71 Dead After Russian Airliner Crashes After Takeoff

Filed Under: Other Airlines

2017 was the safest year on record for commercial aviation, as we didn’t see a single commercial passenger jet crash anywhere in the world (we did see some props crash and some cargo jets crash, but no passenger jets). Aviation has been one of the safest forms of transport for decades, though last year was especially safe.

Unfortunately 2018 won’t maintain that same record, as a seven year old Saratov Airlines Antonov AN-148 crashed today near the village of Argunovo, about 60 miles southeast of Moscow.

The plane took off from runway 14R at Moscow’s Domodedovo Airport, and is believed to have crashed about 5-6 minutes later, as it was beginning the ~900 mile flight to Orsk. All 71 people onboard, including the 65 passengers and six crew, are feared to be dead.

Data suggests that the plane descended from 6,200 feet (the highest altitude it reached) to 3,200 feet during the last minute before the signal was lost, and at the time the signal was lost it was descending at a rate of 22,000 feet per minute. Per CNN:

“The snow is very dense … the Moscow region has had some of its heaviest snowfall in decades,” CNN’s Matthew Chance reported from Moscow. “It’s not clear at this stage whether weather was factor in this crash.”

While the cause of the crash remains uncertain, the Investigative Committee of Russia said officials have launched a criminal investigation.

Russian President Vladimir Putin ordered the creation of a “special commission in connection with the plane crash,” said
Putin’s spokesman Dmitry Peskov, according to Tass.

“The President also expresses deep condolences to all those who lost relatives and friends in this disaster.”

No cause of the crash has been revealed so far, though I’m sure investigators will learn a lot more over the coming hours and days. In the meantime, my thoughts are with the families and friends of those who were onboard. How awful…

(Featured image courtesy of Anna Zvereva)

  1. Although it would have lasted only 5-6 seconds. Mercifully short. Unless it broke up mid air. Probably the plane couldn’t withstand those forces.

  2. Very sorry to hear this. 22K feet/ min is a ridiculously insane steep rate of descent. Can’t imagine what that must have been like for the passengers and crew on board. Here’s to hopefully no more commercial aviation casualties for the rest of 2018. Curious to learn what the cause was.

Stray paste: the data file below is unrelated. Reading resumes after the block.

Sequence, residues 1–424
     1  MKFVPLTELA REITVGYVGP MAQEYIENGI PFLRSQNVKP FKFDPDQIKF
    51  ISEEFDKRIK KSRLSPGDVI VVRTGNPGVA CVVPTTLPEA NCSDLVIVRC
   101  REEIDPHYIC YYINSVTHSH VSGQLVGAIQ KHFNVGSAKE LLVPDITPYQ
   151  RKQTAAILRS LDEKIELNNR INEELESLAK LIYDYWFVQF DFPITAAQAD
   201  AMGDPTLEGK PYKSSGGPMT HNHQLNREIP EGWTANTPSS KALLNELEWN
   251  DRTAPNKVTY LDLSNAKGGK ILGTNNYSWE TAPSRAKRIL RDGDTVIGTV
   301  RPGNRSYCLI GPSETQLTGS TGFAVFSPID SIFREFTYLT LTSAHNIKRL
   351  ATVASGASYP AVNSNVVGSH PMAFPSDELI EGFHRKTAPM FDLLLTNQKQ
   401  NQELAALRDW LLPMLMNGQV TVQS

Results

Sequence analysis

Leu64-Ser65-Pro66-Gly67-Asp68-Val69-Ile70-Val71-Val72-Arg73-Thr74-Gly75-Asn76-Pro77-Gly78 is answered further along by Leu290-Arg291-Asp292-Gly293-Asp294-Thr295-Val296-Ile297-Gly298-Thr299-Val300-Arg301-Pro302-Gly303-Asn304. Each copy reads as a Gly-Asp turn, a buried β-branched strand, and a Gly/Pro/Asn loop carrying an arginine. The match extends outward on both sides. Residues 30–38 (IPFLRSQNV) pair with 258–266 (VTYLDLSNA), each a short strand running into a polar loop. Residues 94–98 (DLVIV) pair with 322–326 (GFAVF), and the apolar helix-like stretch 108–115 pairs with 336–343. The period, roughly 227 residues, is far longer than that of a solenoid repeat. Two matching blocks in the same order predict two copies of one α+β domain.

3. Your information re it’s plunge is incorrect. According to the BBC: Flight-tracking site Flightradar24 said it then descended at the rate of 1,000m (3,300ft) per minute.

    Regardless, it’s an awful tragedy and hopefully a cause is quickly established.

  4. @Lucky, please delete @Sexy_kitten7’s post. Not appropriate no matter how you feel about the current occupant.

  5. I don’t think icing was an issue here. It never would have attained 6,000 feet, let alone gotten off the ground with just an icing problem. Latest reports describe an engine “exploding”, though this alone on a Boeing or Airbus manufactured aircraft should not have been enough to bring a plane down. Planes are designed to fly if one engine fails, even with uncontained engine failure. There are many published reports of problems in Russian aircraft design, build and maintenance, as well as safety protocol issues with this particular airline. Only time will what the ultimate cause was, and while early reports seem to be discounting the risk of terrorism, that too must be ruled out.

  6. According to Chinese web sites, rescuers have found a wreckage of a helicopter belongs to Russian Postal Service at the crash site and investigators are probing the possibilities of a mid-air collision between the two aircraft.

  7. But WHO was on the flight? When opposition candidates are murdered in the capital city for running for the highest offices in the land….what gives?
    The Russian people need a democracy.

  8. My deepest condolences for families left behind in this tragedy. Thoughts and prayers are with you in the days ahead. Stay strong!

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